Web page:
Okavango Delta, Botswana
During March and April, water is nearing its peak in the Okavango Delta and this year’s run-off from Angola has been particularly high. Naturally you would expect game sightings to be limited as there is plenty of food and water to go around, however you might just be pleasantly surprised.This is one of the biggest floods in many, many years.
I recently returned from a magnificent trip into the Delta: Travelling at this time of year one is privy to a different Africa – the wildlife is not as desperate or combative for food, which makes for a more relaxed game viewing experience. The Delta at its most beautiful, with plenty of animals to peacefully observe. Game aside, the greenery stretched for miles as we took to the air to transit between camps. Some hops were short and I wished for longer air time to further imprint this unique world image into my mind.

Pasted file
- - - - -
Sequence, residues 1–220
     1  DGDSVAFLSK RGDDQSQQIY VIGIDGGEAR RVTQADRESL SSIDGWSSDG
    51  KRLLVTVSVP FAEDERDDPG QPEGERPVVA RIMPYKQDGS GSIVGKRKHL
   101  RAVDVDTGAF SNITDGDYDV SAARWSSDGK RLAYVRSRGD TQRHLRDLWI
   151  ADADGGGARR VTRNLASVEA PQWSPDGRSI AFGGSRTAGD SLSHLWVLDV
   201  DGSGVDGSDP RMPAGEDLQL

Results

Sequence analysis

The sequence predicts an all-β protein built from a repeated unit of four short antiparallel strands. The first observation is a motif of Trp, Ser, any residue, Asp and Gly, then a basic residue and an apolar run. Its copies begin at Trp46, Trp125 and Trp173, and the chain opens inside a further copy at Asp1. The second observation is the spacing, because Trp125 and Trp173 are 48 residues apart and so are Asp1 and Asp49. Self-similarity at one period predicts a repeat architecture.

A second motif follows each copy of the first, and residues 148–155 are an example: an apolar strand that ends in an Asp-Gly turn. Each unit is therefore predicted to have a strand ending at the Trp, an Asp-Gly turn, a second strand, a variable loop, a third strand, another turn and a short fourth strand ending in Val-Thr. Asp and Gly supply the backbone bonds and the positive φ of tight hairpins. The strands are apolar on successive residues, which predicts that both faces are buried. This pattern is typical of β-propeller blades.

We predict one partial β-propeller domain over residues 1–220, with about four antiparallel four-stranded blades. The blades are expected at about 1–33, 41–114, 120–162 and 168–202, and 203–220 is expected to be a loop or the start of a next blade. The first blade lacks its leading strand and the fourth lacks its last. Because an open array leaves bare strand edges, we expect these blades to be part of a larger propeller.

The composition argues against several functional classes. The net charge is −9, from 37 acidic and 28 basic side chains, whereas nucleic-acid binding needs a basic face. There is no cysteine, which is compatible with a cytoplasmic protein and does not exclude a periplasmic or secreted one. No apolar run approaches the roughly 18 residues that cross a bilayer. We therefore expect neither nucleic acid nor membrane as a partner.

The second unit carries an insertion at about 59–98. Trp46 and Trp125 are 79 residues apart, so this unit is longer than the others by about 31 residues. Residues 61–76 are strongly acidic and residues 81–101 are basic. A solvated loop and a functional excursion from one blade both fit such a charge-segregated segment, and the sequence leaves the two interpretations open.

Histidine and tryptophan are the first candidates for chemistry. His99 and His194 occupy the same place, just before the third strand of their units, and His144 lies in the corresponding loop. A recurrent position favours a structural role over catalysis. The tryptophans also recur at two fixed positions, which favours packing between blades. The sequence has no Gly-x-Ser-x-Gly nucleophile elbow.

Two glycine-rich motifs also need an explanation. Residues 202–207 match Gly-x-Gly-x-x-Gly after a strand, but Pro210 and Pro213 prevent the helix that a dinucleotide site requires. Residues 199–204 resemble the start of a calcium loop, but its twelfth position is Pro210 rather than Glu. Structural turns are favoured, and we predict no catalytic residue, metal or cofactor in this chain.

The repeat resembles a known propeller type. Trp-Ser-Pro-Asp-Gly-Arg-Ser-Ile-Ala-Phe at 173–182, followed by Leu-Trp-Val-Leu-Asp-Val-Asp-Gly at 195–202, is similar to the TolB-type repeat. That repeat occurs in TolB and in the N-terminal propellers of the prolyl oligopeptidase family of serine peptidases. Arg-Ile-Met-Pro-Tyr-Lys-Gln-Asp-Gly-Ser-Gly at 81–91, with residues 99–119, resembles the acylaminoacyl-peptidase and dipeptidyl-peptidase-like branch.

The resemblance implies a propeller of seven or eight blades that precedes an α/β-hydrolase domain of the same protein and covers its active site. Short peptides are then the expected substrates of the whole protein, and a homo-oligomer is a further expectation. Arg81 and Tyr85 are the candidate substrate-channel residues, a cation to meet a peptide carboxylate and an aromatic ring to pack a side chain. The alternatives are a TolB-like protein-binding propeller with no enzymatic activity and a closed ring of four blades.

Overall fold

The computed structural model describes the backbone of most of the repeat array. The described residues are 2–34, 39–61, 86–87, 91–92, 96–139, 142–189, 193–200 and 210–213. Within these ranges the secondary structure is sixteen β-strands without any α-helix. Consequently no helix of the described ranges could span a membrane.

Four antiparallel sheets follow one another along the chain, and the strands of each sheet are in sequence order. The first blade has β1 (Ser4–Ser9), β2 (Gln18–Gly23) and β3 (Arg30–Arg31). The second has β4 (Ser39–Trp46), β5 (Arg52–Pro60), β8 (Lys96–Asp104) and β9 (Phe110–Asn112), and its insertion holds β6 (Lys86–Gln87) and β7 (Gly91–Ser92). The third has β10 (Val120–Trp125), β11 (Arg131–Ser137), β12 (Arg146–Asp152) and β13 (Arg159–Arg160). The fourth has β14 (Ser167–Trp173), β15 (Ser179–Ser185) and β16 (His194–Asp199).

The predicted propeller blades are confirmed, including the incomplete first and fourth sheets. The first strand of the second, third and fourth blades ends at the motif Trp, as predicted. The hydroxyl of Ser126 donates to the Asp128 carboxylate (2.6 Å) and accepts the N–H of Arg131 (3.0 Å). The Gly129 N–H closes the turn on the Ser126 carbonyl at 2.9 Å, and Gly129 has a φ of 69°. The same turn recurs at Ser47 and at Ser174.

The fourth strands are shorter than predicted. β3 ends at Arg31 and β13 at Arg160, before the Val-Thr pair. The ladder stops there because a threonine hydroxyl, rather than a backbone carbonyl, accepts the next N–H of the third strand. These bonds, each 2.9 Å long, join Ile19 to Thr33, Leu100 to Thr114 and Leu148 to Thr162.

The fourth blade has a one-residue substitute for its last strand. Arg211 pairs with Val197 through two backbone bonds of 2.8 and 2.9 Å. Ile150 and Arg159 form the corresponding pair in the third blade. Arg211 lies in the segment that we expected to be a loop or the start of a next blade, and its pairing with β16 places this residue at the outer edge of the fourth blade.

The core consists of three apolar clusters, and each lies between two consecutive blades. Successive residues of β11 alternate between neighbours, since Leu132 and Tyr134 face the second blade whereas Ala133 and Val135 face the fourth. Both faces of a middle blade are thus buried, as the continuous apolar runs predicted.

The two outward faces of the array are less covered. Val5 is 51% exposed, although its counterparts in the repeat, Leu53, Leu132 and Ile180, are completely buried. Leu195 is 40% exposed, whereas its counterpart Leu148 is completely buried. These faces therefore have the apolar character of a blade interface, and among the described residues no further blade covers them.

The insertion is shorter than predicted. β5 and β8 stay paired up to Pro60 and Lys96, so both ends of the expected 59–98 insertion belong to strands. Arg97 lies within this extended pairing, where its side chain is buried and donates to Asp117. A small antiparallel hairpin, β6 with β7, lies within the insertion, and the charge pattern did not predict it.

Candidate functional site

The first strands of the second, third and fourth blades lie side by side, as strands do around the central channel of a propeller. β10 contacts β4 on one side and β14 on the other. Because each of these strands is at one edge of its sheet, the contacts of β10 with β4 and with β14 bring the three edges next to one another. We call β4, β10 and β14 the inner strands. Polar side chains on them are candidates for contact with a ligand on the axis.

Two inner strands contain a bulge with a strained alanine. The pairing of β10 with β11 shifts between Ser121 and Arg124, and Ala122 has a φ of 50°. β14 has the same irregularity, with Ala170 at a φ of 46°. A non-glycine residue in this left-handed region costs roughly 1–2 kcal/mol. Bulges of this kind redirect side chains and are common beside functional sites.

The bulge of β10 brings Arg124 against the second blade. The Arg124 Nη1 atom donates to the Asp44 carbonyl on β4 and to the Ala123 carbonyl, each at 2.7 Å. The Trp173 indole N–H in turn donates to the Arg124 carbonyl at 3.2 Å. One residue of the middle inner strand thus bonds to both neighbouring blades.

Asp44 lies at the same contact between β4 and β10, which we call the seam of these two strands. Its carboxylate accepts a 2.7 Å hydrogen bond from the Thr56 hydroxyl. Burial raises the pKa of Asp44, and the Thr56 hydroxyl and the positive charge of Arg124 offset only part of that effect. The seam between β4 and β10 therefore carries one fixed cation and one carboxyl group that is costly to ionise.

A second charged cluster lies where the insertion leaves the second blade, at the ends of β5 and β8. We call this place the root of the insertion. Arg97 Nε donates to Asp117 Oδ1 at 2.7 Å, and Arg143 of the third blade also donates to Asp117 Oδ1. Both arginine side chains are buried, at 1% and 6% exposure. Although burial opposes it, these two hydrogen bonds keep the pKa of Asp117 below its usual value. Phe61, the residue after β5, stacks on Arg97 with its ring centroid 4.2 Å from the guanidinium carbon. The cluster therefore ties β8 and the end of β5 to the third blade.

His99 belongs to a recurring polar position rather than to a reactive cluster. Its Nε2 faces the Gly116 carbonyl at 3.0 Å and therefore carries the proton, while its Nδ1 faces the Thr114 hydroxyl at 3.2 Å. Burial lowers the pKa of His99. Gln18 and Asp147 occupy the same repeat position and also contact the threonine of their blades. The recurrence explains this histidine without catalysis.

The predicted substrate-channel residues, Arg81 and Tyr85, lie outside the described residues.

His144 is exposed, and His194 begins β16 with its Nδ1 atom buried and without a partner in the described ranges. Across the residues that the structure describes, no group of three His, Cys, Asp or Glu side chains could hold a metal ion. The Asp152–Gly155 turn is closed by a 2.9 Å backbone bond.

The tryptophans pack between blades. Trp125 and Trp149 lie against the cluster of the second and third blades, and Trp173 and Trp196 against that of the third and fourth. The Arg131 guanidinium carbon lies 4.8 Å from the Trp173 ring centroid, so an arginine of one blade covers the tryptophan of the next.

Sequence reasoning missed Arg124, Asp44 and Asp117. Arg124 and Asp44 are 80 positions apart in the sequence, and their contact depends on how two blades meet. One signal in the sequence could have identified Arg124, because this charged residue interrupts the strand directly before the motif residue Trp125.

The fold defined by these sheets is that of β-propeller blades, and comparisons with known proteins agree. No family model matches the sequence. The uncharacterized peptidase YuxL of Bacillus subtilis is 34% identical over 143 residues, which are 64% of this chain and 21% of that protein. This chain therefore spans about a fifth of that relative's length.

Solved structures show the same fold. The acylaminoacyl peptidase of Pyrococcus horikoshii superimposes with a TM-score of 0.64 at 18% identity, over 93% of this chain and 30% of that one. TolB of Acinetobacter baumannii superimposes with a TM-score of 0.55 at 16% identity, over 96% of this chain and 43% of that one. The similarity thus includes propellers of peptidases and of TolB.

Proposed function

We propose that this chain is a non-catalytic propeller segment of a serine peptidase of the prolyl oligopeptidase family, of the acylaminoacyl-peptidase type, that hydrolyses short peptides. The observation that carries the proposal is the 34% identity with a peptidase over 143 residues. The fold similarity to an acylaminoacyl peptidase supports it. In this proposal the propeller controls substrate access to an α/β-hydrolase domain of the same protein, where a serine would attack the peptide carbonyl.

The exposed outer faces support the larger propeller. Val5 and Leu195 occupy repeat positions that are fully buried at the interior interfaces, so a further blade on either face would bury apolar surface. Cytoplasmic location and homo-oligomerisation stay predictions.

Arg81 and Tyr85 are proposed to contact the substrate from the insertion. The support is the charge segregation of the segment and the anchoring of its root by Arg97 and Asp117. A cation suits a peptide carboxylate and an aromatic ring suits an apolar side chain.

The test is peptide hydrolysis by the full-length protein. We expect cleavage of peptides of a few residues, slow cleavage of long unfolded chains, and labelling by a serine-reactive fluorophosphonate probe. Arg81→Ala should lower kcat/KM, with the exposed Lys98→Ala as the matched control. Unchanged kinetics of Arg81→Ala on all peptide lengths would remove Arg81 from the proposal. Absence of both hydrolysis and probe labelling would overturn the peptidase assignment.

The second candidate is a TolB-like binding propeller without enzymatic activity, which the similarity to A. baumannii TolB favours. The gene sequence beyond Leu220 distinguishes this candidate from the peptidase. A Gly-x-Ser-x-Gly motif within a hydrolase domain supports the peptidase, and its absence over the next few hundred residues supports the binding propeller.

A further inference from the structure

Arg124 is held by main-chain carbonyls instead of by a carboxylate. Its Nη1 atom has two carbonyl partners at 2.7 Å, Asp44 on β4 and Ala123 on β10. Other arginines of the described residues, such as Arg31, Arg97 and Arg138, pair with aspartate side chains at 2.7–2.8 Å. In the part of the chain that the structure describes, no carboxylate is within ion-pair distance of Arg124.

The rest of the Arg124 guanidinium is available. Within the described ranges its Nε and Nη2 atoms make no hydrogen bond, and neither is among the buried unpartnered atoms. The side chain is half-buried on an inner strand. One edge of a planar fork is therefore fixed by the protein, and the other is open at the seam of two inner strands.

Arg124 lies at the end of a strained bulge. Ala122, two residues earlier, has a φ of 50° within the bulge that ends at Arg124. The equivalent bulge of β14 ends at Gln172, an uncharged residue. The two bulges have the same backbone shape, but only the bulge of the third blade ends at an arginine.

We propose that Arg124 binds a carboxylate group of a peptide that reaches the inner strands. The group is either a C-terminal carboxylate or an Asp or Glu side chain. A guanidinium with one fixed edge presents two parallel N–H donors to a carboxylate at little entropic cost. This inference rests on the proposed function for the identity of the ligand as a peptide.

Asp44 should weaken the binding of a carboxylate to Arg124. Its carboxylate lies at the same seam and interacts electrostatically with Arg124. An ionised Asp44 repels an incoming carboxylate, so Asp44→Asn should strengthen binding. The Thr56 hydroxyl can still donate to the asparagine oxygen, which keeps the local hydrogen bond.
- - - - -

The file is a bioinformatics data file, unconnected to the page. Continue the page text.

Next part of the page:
Being at the end of the official “wet” (rainy) season meant that we were graced with several sightings of young game. Delta animals will wait for the first rains to drop their young, to ensure that there is enough food and water to see them through their first tough months. Breeding herds of elephants instinctively gathered around the newest addition when they heard our boat or Land Cruiser put-put by. Gangly young giraffe stayed glued to their mother’s side in search of the next tasty acacia thorn tree, baby hippo found their footing in the muddy banks. Just delightful.
After enjoying the water-based activities of Xigera camp, we were also blessed with quite a show. Right beside the airstrip, a female leopard sprung atop a termite mound and sat, carefully changing position as she thoroughly surveyed her environs.
The ‘moral’ of this letter is that it doesn’t have to be middle of the dry season for you to visit Botswana. Whether a first time visitor or a returning traveller, you will be just as impressed by this ever-changing wilderness. Either way, I am sure that you will depart, like me, with the desire to return again and again.